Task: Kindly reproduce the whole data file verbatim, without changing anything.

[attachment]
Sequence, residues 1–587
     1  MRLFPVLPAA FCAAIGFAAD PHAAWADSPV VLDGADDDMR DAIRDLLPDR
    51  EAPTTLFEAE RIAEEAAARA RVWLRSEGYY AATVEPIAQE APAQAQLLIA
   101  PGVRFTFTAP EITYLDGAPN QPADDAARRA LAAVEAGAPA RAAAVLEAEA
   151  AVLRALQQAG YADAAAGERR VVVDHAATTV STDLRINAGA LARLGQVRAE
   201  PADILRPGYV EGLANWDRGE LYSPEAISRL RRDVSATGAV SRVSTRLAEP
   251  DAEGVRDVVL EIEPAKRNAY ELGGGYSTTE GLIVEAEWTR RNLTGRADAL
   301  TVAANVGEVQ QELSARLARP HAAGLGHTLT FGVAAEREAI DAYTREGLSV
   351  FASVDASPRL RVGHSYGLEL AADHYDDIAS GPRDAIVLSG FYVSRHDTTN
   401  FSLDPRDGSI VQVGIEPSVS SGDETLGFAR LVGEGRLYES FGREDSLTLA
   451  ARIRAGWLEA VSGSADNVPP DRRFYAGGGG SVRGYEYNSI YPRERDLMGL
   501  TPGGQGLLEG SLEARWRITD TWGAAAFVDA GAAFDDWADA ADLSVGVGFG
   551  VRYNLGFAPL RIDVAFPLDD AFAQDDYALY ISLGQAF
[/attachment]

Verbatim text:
Sequence, residues 1–587
     1  MRLFPVLPAA FCAAIGFAAD PHAAWADSPV VLDGADDDMR DAIRDLLPDR
    51  EAPTTLFEAE RIAEEAAARA RVWLRSEGYY AATVEPIAQE APAQAQLLIA
   101  PGVRFTFTAP EITYLDGAPN QPADDAARRA LAAVEAGAPA RAAAVLEAEA
   151  AVLRALQQAG YADAAAGERR VVVDHAATTV STDLRINAGA LARLGQVRAE
   201  PADILRPGYV EGLANWDRGE LYSPEAISRL RRDVSATGAV SRVSTRLAEP
   251  DAEGVRDVVL EIEPAKRNAY ELGGGYSTTE GLIVEAEWTR RNLTGRADAL
   301  TVAANVGEVQ QELSARLARP HAAGLGHTLT FGVAAEREAI DAYTREGLSV
   351  FASVDASPRL RVGHSYGLEL AADHYDDIAS GPRDAIVLSG FYVSRHDTTN
   401  FSLDPRDGSI VQVGIEPSVS SGDETLGFAR LVGEGRLYES FGREDSLTLA
   451  ARIRAGWLEA VSGSADNVPP DRRFYAGGGG SVRGYEYNSI YPRERDLMGL
   501  TPGGQGLLEG SLEARWRITD TWGAAAFVDA GAAFDDWADA ADLSVGVGFG
   551  VRYNLGFAPL RIDVAFPLDD AFAQDDYALY ISLGQAF